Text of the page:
The id field (database primary key) is always indexed.

In the following sample there will be one composite index for ssn.number, and another index for birthDate.

Entity Person {
  Date birthDate index
  - Gender sex !changeable
  - Ssn ssn key
  - PersonName name
BasicType Ssn {
  String number key length="20"
  - @Country country key

Indexes are defined in the generated method indexes in the mapper. It is possible for you to override this method and manually adjust the indices or add more indexes.


Sculptor provides the following generic repository operations for use with mongoDB:


mongoDB has good support for dynamic queries on any attribute. The easiest way to create a query is to use findByCondition, which is one of the built in repository operations.

In model.btdesign:

Repository BlogPostRepository { 
    List<@BlogPost> findPostsWithGreatComments;
    protected findByCondition;

The hand written Java implementation:

import static*;
import static org.sculptor.framework.accessapi.ConditionalCriteriaBuilder.*;

public List<BlogPost> findPostsWithGreatComments() {
    List<ConditionalCriteria> condition = criteriaFor(BlogPost.class)
    return findByCondition(condition);

The ConditionalCriteriaBuilder builder supports conditions such as eq, like, between, lessThan, greaterThan and in. The order of the result can be specified with orderBy. Regular expression condition can be defined with like and ignoreCaseLike (ignore case).

Limitations of findByCondition when used with mongoDB:


Pagination is supported as described in Advanced Tutorial

Generation of Finder Operations

Generated finder methods, based on findByCondition, is supported as described in Advanced Tutorial. It has the same limitations as findByCondition when used with mongoDB, described above.

Example of generated finders in the BlogPostRepository:

Repository BlogPostRepository { 
    findByTitle(String title) condition="title i= :title";
    findPostsInBlog(@Blog blog) orderBy="title";

Note that this feature is not activated by default. To allow sculptor to generate finder operations add the following line into your file.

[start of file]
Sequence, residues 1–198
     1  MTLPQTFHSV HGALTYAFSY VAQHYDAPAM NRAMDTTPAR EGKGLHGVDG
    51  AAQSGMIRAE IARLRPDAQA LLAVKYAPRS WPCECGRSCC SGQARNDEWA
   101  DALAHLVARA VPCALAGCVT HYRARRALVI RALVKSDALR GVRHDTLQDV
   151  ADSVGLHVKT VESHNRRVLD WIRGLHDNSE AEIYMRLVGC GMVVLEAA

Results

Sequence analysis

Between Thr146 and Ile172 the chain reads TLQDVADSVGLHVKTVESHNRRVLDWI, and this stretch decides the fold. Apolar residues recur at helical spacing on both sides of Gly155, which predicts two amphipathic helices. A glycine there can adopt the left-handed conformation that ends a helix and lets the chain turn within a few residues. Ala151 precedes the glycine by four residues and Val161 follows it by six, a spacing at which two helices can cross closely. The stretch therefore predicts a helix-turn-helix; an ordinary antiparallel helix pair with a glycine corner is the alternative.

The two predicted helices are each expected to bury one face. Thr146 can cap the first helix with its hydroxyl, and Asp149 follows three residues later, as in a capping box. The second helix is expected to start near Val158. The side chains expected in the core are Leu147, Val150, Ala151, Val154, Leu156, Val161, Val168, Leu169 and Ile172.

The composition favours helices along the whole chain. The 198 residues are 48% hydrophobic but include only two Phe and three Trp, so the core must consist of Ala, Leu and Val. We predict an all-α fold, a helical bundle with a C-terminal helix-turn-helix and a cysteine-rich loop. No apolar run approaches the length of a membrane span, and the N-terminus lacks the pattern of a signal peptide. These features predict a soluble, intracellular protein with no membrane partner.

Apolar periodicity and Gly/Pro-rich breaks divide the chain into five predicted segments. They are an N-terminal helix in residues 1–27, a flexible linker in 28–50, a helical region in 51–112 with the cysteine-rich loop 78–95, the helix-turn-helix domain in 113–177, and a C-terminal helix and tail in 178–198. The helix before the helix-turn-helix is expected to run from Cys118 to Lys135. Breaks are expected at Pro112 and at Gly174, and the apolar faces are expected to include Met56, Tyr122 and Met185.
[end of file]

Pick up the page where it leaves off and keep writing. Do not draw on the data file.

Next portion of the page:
After activation all repository operations starting with ‘find’, except built in operations, are potential candidates for finder generation. To prevent a generation and to use handwritten code for a special operation, add the keyword ‘gap’.

PersonRepository {
    List<@Person> findPersonByName(String name) gap;

Own AccessObject

You can also easily create your own Access Object (as described in the Advanced Tutorial) with full access to the underlaying DBCollection. For example, a query that finds blog posts with comments. In model.btdesign:

Repository BlogPostRepository { 
    List<@BlogPost> findPostsWithComments => AccessObject;

You write the implementation yourself and it may look something like this:

public class FindPostsWithCommentsAccessImpl extends FindPostsWithCommentsAccessImplBase {

    public void performExecute() {
        DBObject query = new BasicDBObject();
        query.put("comments", new BasicDBObject("$not", new BasicDBObject("$size", 0)));
        DBCursor cursor = getDBCollection().find(query);
        List<BlogPost> mappedResult = new ArrayList<BlogPost>();
        for (DBObject each : cursor) {
            BlogPost eachResult = (BlogPost) getDataMapper().toDomain(each);

MongoDB specific code directly in Repository

The default implementation of a Repository consists of an implementation class and Access Objects. The intention is a separation of concerns between the domain and the data layer. Repository is close to the business domain and Access Objects are close to the data layer. The MongoDB specific code is located in the Access Object, and not in the Repository.

For some systems this separation might be overkill and you might prefer to implement the data access directly in the Repository. Sculptor supports this design out-of-the-box. You only have to specify a property in to have MongoDB support directly in the Repository implementation. The starting point is the method getDbManager.


MongoDB documentation

Documentation of queries:


It is possible to define configuration options for the MongoDB connection. It is done in You find available configuration parameters (default values) in Documentation of options is here. Example:


When running JUnit test the dbname is suffixed with -test.

Custom Datastore Names

By default the names in the data store are the same as the names in the Java DomainObjects. In case you need to use other names it is possible to define that in model with databaseTable and databaseColumn. Discriminator name and value is also possible to define when inheritance is used.

abstract Entity Media {
   String title !changeable
Entity Book extends @Media {
   String isbn key length="20" databaseColumn="KEY"
Entity Movie extends @Media {
   String urlIMDB key databaseColumn="KEY"
   Integer playLength

Blog Posts

In the Sculptor Blog there’s a series of posts related to mongoDB.


The complete source code for this tutorial is available in GitHub